President Muhammadu Buhari has issued a strong directive to the Central Bank of Nigeria (CBN) not to approve funds for food importation as the federal government vows to address the issue of rising food inflation in 2021.
Speaking at the fifth regular meeting with the Presidential Economic Advisory Council held on Tuesday at the State House in Abuja, President Buhari noted said about seven states are producing all the rice the country needs and Nigerians must consumed what is produced locally.
The President’s remarks were disclosed in a statement released by the Senior Special Assistant to the President on Media and Publicity, Garba Shehu, on Tuesday.
Shehu said in taking note of the strides made in agricultural production following the program of diversification from over reliance on oil instituted by his administration, President Buhari wondered where the country would have found itself by now in view of the devastating economic crisis brought about by COVID-19 if it had not embraced agriculture.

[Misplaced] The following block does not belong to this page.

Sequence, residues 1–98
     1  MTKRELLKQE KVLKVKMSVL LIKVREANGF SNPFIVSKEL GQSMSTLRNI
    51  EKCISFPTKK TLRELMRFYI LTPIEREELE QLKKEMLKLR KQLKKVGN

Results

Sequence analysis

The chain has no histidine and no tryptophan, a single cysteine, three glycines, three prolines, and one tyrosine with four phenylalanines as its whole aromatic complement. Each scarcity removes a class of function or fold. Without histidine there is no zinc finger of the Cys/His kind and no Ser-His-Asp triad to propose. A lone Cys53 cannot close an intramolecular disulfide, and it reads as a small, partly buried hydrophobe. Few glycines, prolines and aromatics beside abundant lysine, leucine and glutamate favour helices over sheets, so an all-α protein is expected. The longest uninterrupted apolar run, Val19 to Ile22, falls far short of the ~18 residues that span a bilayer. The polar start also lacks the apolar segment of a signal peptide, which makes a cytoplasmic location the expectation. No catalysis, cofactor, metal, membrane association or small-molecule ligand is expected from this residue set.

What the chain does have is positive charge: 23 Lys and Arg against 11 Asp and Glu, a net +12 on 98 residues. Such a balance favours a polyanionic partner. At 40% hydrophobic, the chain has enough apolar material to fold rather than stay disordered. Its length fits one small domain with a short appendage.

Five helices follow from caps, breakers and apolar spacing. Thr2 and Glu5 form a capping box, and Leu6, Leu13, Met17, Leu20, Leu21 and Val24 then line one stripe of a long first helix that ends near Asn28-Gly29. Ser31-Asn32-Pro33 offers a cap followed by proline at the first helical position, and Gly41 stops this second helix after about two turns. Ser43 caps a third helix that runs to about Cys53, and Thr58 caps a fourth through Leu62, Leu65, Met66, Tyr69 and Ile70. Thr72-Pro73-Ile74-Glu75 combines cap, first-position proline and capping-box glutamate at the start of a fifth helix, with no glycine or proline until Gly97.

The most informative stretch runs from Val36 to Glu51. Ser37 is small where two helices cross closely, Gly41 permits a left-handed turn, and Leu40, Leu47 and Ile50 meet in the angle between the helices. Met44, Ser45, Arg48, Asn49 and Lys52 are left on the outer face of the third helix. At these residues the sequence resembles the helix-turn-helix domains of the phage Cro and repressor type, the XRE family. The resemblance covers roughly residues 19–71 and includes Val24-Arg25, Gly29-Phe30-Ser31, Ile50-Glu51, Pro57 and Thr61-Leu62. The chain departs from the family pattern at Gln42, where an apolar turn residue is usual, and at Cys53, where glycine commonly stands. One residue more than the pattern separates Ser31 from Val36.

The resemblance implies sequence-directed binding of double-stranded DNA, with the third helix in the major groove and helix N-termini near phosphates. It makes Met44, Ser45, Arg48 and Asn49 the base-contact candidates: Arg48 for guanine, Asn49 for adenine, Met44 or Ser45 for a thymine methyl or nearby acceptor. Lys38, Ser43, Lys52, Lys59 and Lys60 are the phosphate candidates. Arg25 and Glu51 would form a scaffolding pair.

“Going back to the land is the way out. We depend on petrol at the expense of agriculture. Now the oil industry is in turmoil. We are being squeezed to produce at 1.5 million barrels a day as against a capacity to produce 2.3 million. At the same time, the technical cost of our production per barrel is high, compared to the Middle East production,” Shehu quoted the president as saying.
The President emphasized the place of agriculture in the efforts to restore the economy but agreed that measures must be put in place to curtail inflation in the country:
“We will continue to encourage our people to go back to the land. Our elite is indoctrinated in the idea that we are rich in oil, leaving the land for the city for oil riches. We are back to the land now. We must not lose the opportunity to make life easier for our people. Imagine what would have happened if we didn’t encourage agriculture and closed the borders. We would have been in trouble,” Buhari said.
The meeting, which was for a review of, and reflections on the global and domestic economy in the outgoing year, was attended by the Vice President, Professor Yemi Osinbajo, as well as Ministers of Finance and Humanitarian Affairs and agreed on a number of measures.
It agreed that, to prepare the country for the challenges ahead, it is imperative to ensure Macro-economic stability, create certainty and re-build investor confidence in the economy. It emphasized the need to deepen structural reforms initiated by the administration as a basis for stimulating investments from domestic and international sources with a view to raising productivity in key sectors of the economy.